The best time to repair the roof is when the sun is shining. Just as equally, now is the best time, with labour markets tight in much of the developed world, to prepare for the more challenging years ahead. New technologies are steadily making inroads into jobs that we always assumed would be safe from being automated away. This, added to an increasingly rapid pace of technology development and deployment, is putting policymakers under increasing pressure to come up with suitable policies to reap the benefits of these advances while at the same time avoid their pitfalls.
The Pillars Utrecht workshop “Geography of Industries and Professions in Europe: Diversification Opportunities and Challenges” organized jointly organized by Utrecht University and the Technopolis Group was a great success. We discussed the profound implications of digital automation technologies, such as artificial intelligence and robotics, on regional labour markets. It was attended by more than 50 participants, including scholars, policy makers and industry professionals.
This workshop brought together top-notch non-Pillars researchers and the excellent members of our own project, where we both disseminated and inseminated our research on Digitization, AI and Outcomes for Labour. This far-reaching research agenda is broad, and therefore, the workshop was organized around a handful of themes, bundled into several focused sessions.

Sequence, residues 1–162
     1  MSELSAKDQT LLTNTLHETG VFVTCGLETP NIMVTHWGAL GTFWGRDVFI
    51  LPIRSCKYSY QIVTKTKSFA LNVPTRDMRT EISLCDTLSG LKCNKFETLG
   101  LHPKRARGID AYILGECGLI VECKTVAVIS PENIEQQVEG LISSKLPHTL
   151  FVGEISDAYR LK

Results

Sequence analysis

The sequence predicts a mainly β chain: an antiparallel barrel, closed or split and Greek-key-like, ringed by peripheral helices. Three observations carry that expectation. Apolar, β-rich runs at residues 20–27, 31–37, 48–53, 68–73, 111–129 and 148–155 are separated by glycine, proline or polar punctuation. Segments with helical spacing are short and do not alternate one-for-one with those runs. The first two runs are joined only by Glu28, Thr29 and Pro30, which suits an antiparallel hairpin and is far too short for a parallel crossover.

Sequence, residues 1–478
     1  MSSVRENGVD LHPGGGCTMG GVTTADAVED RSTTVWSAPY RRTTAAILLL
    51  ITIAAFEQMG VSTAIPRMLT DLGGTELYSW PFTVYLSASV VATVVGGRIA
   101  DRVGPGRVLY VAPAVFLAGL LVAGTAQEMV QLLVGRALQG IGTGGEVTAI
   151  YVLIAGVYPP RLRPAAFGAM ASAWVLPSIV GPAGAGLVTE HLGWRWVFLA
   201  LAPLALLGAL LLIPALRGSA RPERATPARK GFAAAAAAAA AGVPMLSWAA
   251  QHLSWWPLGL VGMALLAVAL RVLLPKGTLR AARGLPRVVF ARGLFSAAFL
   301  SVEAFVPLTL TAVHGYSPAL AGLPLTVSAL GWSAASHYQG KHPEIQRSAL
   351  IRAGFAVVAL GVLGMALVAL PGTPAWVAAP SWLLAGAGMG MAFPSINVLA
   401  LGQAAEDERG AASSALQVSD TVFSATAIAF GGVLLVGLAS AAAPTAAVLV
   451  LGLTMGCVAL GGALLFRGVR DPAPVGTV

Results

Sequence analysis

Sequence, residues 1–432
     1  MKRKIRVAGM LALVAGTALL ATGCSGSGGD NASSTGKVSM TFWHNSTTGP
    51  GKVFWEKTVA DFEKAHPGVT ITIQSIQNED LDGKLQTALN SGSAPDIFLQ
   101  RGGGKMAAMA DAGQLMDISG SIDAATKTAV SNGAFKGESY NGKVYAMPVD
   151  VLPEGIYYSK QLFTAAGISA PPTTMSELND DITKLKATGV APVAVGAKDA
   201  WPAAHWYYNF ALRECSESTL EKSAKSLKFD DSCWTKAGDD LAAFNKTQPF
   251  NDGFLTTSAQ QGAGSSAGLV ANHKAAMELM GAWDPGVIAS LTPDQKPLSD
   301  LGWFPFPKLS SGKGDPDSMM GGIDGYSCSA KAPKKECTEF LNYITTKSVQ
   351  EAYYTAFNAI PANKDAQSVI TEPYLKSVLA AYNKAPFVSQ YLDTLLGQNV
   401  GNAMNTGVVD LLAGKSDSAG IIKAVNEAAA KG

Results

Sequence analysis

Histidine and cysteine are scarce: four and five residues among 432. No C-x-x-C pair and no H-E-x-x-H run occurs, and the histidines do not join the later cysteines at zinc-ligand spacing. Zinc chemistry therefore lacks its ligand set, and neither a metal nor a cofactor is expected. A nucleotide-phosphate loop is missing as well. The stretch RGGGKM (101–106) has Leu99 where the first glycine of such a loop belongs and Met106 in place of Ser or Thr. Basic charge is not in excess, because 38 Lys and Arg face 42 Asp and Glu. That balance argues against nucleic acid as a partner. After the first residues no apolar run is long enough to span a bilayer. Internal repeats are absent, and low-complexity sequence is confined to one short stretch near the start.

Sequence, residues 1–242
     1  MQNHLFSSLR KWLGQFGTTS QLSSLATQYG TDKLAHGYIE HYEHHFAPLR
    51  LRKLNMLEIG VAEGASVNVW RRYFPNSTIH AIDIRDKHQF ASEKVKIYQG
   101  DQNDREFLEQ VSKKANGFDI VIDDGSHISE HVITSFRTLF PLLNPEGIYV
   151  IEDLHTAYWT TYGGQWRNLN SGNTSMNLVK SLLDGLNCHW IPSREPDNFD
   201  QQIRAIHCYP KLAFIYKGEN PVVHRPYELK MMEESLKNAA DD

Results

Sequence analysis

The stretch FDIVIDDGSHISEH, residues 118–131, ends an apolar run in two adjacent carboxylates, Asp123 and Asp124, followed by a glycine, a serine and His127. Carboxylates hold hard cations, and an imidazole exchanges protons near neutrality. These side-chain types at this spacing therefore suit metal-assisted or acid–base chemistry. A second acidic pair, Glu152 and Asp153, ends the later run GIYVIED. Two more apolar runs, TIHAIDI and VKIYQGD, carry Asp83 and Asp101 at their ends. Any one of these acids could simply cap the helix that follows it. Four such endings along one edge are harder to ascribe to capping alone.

Venice Summer Institute, 21 and 22 June 2023
Pillars was written in 2019, submitted in 2020 and awarded at the end of 2020. In digital technology timing, this is an era ago!
Since then, AI has unfolded unprecedently and challenged us even more intriguingly.
Regardless the speed and the shape of these technological advances the main challenge is to predict changes and make sure that labour markets are ready to embrace them.
China and Europe pose a conundrum to each other. Europe squirms uncomfortably between the USA and China in their superpower competition, trying to stay on good terms with both at the same time as minimising any risk of economic or geopolitical fallout. China, in turn, must weigh which partnership to prioritise: its newly minted “no-limits” friendship with Russia, or a closer relationship with Europe as a counterweight to the pressure exerted, and restrictions imposed, on it by the US.
It was the ideal line-up for a workshop to explore the future of work: Pillars hand-in-hand with its partner the ifo Institute and the Chamber of Commerce and Industry for Munich and Upper Bavaria. The task: to review how data can be leveraged to ascertain not only the state of skills availability, but also which skills will be needed in the future.
At first sight it is a bit of a paradox. On the one hand, it has long been clear that the skills you acquire, say, at university no longer will see you through to the end of your career life: you have to reinvent yourself several times along the way just to stay current. On the other hand, the skills that you learn early in your career will boost your earnings throughout your entire working life.
Policymakers are understandably concerned about the effect of automation technologies on employment and wage levels in their jurisdictions. The effects, however, tend to be quite heterogeneous – and not much is known regarding what drives this heterogeneity. This makes devising the right policies a bit tricky.